Beautiful!

Don't worry, I'm not crazy. The actual plot I am working toward will include drag. And the ball will hit its peak at about X=70 and land somewhere at about X=120. But first things first. Have to figure out how to do the simple things (like simple kinematics) before I start tossing in more complicated things like drag :) :) :)

#### Attachments

• Screen Shot 2018-03-06 at 5.11.16 PM.png
9.4 KB · Views: 320
• ?temp_hash=0368d0b1322201e4e4b887a096f8180a.png
9.4 KB · Views: 163
FactChecker
@FactChecker I hate to open an all-new thread for a dumb (or extremely simple) question. When am I supposed to end a line with a semi-colon. I've been throwing semi-colons behind lines that declare matrices because, that is just the way I have seen it done. is that correct?

and

and what exactly is this line doing?
Code:
t = tMin:dt:tMax; % time steps
[j,k] = size(t);

it looks like I am declaring a variable, t, and saying that it is equal to (tMax-tMin)/dt thereby giving me the total number of steps to be performed
then I am declaring a matrix j hat and k hat, each with a size equal to t.
so from 0 to 2 with dt=.5, t =4 and the matrix [j,k] has 4 positions for both j and k. which is then used in my for loop for i=2:k (which is 4). incidentally it seems, if I am following correctly, the j was extra that I didn't need.

but if I delete j and just have:
Code:
[k]=size(t);
I don't get an error, but I don't get a plot either.

Forgive me, I'm not trying to be a nuisance. : )

Mark44
Mentor
(if you re-post, please remove all those accumulated blank lines.)
I removed most of the blank lines from the earlier code posted.

@grandpa2390, when you post code, add the type of code that it is (like C, Java, matlab, etc.). To do this, inside the opening code tag, add =matlab, with no spaces before or after =.

Like this:
[code=matlab]
% some code
[/code]

I removed most of the blank lines from the earlier code posted.

@grandpa2390, when you post code, add the type of code that it is (like C, Java, matlab, etc.). To do this, inside the opening code tag, add =matlab, with no spaces before or after =.

Like this:
[code=matlab]
% some code
[/code]

let me try
Matlab:
t = tMin:dt:tMax; % time steps
[j,k] = size(t);

why is j and size in the same color? and clickable, but k isn't?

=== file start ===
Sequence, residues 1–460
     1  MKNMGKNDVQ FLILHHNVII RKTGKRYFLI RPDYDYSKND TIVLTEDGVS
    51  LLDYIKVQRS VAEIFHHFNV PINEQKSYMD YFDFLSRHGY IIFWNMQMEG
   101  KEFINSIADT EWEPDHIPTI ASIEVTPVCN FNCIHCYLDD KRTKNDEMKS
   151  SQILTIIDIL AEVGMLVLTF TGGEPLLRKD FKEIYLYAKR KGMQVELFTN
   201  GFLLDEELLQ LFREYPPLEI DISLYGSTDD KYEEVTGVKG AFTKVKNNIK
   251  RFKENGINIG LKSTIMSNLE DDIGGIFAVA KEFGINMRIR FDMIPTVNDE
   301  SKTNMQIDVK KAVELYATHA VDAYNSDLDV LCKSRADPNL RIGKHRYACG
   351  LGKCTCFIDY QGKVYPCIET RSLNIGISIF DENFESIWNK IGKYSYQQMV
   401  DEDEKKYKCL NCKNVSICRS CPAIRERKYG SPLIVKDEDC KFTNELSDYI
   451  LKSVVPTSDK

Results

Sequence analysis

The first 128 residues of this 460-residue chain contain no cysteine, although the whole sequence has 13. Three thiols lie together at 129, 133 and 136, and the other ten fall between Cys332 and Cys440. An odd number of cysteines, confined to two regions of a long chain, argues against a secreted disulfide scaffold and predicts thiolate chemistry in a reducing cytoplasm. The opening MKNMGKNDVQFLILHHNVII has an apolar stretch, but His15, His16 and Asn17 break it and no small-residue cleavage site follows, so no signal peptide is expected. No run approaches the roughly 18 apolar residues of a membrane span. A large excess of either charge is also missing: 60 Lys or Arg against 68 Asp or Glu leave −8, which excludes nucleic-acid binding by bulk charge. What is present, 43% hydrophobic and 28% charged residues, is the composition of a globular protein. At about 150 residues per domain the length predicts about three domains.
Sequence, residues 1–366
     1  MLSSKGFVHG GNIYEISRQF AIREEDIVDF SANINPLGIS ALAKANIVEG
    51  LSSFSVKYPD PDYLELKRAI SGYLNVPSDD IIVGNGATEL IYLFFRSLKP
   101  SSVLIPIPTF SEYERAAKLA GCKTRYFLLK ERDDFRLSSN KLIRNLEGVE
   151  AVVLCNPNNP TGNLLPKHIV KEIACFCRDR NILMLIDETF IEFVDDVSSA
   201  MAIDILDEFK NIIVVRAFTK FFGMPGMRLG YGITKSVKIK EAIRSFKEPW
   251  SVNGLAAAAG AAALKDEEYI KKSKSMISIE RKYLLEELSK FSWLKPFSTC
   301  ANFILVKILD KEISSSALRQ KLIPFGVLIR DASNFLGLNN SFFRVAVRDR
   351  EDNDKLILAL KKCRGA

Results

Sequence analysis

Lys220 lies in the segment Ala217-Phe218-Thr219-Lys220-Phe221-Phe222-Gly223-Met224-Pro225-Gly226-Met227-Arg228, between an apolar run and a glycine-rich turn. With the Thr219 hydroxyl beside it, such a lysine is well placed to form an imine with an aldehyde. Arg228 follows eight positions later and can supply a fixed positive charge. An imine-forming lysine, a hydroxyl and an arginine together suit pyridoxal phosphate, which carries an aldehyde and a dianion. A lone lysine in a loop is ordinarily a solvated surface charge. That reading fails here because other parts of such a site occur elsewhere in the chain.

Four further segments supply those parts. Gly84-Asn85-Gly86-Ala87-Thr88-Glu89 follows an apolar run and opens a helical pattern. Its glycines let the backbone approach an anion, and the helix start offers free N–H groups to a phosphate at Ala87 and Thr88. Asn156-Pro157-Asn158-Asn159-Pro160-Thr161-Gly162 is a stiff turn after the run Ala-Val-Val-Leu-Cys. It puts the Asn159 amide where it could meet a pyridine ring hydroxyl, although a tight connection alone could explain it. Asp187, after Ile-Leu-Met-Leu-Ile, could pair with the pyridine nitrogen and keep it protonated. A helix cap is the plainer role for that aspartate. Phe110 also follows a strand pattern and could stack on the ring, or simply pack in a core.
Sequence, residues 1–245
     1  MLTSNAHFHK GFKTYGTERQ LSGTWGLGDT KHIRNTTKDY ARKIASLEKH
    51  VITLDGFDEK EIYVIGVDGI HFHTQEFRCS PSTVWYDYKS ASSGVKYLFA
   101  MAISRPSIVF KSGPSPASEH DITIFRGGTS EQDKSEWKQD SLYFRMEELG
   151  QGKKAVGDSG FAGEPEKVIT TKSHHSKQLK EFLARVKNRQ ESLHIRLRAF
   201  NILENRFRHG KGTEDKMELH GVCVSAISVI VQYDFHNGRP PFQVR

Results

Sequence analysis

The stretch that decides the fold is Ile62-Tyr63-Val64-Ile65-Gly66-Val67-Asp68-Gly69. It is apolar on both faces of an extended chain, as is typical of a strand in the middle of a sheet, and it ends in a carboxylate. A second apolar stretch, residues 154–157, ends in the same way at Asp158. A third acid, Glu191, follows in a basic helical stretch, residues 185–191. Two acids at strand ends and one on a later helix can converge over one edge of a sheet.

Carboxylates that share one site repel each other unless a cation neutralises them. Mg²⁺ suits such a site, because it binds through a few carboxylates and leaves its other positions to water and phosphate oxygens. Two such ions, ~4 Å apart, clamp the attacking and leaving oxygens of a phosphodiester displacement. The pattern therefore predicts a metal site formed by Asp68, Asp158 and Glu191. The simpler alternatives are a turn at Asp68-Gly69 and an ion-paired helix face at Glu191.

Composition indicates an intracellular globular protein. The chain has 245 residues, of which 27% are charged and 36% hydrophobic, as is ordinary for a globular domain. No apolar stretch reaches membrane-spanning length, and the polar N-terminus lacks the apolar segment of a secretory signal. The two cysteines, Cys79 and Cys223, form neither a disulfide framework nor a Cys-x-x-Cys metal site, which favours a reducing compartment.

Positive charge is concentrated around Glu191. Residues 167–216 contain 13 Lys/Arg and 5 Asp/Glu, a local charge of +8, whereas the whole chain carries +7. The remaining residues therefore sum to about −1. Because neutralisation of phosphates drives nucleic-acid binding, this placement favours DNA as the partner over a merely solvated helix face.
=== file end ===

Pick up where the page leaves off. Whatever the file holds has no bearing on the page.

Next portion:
edit: I clicked on it and am reading the page it linked to :)

let me try
Matlab:
t = tMin:dt:tMax; % time steps
[j,k] = size(t);

why is j and size in the same color? and clickable, but k isn't?

edit: I clicked on it and am reading the page it linked to :)
@FactChecker

ok so based on this link
Matlab:
size(t);
it seems I figured accurately what it meant. but I still don't understand why a matrix with two rows of size 4 is necessary when only one row is used? or I don't understand how it is being used?

edit: or maybe I don't understand what "Returns the number" means.

FactChecker
Gold Member
A semicolon at the end of a MATLAB code line stops MATLAB from printing the result of the line. You want to do that so it will not fill the screen with data on lines that you already trust and do not need to see the results. When you are debugging, you might want to remove a semicolon at the end of a MATLAB line to see the results and make sure they are as expected. For instance, to see what is going on in your definition of t and size(t), remove the trailing semicolons to see that t is a 1xN matrix and the size function sets i and j to the dimensions. 'tMin:dt:tMax' is a loop from tMin to tMax in steps of dt.

Matlab:
>> tMin=0;
>> tMax=5;
>> dt = 1;
>> t = tMin:dt:tMax

t =

0     1     2     3     4     5

>> [j,k] = size(t)

j =

1

k =

6

I remove trailing semicolons to debug lines and then put them back when I'm confident of that line.

PS. A semicolon inside a matrix definition is different. It starts a new matrix definition row. There may be other uses of the semicolon inside a MATLAB line; I can't think of any now.

grandpa2390